1. Be Organized – Use professional forms to vet customers and outline agreement terms. Use invoicing software to manage accounts.
2. Use the Credit Limit – Extend more moderate terms with customers and let them know they can work their way up to more flexible terms.
3. Communicate – Customer relationship management is vital. If you have a strong and healthy relationship with a client, they are not going to want to jeopardize that.
4. Start Early – A week before payment is due, send a friendly reminder reiterating the due date and payment options.
5. Don’t Wait – The longer you wait to collect, the harder it is. Go straight after late payments as soon as the due date has passed.
6. Send Reminders – Some customers don’t pay simply because they forgot. Send a reminder as soon as the payment is past due.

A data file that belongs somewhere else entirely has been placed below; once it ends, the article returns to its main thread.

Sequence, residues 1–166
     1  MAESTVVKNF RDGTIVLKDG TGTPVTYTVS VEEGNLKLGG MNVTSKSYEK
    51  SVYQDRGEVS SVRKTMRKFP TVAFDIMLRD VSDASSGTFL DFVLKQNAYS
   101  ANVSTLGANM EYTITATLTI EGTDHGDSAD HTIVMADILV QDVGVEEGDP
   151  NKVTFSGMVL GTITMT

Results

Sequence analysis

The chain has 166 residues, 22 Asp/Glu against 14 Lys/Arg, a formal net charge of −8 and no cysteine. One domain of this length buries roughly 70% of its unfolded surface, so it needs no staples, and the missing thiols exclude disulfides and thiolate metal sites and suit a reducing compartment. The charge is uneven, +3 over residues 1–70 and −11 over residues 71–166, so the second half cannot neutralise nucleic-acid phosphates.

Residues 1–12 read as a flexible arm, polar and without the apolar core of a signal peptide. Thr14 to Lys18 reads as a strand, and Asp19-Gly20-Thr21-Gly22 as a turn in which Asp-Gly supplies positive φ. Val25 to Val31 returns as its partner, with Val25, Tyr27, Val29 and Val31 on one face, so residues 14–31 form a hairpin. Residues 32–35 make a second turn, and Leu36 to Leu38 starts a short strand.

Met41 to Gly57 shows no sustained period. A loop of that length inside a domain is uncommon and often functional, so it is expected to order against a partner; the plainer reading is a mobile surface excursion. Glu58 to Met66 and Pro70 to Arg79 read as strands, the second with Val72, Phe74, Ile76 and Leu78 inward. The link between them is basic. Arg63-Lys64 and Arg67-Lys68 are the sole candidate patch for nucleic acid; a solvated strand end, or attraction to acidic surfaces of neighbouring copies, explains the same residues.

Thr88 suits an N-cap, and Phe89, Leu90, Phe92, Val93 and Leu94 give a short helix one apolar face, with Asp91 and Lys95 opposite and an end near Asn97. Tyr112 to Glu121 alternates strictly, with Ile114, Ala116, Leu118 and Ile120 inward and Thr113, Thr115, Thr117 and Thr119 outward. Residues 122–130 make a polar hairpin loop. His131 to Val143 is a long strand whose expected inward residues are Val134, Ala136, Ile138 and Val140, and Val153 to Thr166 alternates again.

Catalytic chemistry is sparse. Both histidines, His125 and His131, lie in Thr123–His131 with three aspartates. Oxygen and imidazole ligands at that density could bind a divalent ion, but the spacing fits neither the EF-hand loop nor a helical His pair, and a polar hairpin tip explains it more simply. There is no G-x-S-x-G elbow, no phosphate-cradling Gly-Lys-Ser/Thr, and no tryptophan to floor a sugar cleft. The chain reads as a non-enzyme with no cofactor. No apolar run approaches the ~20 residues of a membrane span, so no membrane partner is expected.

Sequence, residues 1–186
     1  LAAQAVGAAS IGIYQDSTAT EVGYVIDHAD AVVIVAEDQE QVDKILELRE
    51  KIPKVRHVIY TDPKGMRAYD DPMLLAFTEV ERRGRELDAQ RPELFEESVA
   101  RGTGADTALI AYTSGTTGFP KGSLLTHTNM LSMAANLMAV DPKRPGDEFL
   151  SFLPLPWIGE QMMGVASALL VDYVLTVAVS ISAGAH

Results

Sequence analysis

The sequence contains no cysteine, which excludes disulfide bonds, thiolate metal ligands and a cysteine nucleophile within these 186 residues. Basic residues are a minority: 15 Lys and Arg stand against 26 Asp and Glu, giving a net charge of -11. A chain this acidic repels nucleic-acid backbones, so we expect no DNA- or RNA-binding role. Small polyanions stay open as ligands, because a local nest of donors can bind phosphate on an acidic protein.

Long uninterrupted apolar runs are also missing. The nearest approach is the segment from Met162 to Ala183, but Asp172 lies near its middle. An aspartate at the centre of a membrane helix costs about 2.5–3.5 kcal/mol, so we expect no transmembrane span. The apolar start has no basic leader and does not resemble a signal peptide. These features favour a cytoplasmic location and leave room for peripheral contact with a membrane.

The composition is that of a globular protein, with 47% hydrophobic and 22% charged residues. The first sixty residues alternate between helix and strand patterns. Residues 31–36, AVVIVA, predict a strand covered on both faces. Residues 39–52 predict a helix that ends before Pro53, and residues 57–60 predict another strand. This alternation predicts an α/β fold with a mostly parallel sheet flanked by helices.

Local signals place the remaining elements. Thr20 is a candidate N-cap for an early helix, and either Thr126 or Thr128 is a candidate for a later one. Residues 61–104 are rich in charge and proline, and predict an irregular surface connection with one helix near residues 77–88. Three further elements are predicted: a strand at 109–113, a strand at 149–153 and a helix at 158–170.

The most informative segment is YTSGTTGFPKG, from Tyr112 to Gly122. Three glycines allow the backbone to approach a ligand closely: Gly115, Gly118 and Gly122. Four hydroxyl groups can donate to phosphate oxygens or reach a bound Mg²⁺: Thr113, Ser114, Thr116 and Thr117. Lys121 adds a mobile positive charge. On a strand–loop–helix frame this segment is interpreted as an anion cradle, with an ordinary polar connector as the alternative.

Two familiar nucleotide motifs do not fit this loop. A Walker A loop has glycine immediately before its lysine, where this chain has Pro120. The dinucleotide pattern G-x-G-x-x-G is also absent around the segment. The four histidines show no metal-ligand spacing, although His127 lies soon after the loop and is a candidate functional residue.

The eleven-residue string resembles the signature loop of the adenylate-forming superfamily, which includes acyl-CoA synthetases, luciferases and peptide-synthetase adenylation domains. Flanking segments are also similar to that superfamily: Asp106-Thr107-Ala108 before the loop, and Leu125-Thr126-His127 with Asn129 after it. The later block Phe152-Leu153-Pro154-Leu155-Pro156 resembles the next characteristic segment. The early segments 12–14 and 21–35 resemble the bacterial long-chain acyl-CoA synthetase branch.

7. Stay Professional – The worst thing you can do when it comes to a late payment is let emotions cloud your decisions and affect your actions.
8. Collection Call – After you have sent the letter and still have not received payment, it’s time to call the customer.
9. Prepare for Excuses – Get acquainted with the most common excuses for late payment and learn how to respond to them.
10. Installment Plans – Having a customer pay you back in smaller amounts over time is better than no payment at all.
11. Finance Charges and Rewards – Whether it’s consequences for paying late or rewards for paying early, give customers incentive to pay.
12. Outside Resources – Know when to seek help. Consider alerting credit bureaus and using a debt collection lawyer.
13. The Experts – Do your research and find a company that will get you paid and treat both you and your customers well.
To learn more about Funding Gates, an online receivables manager, visit greenindustrypros.com/10990534.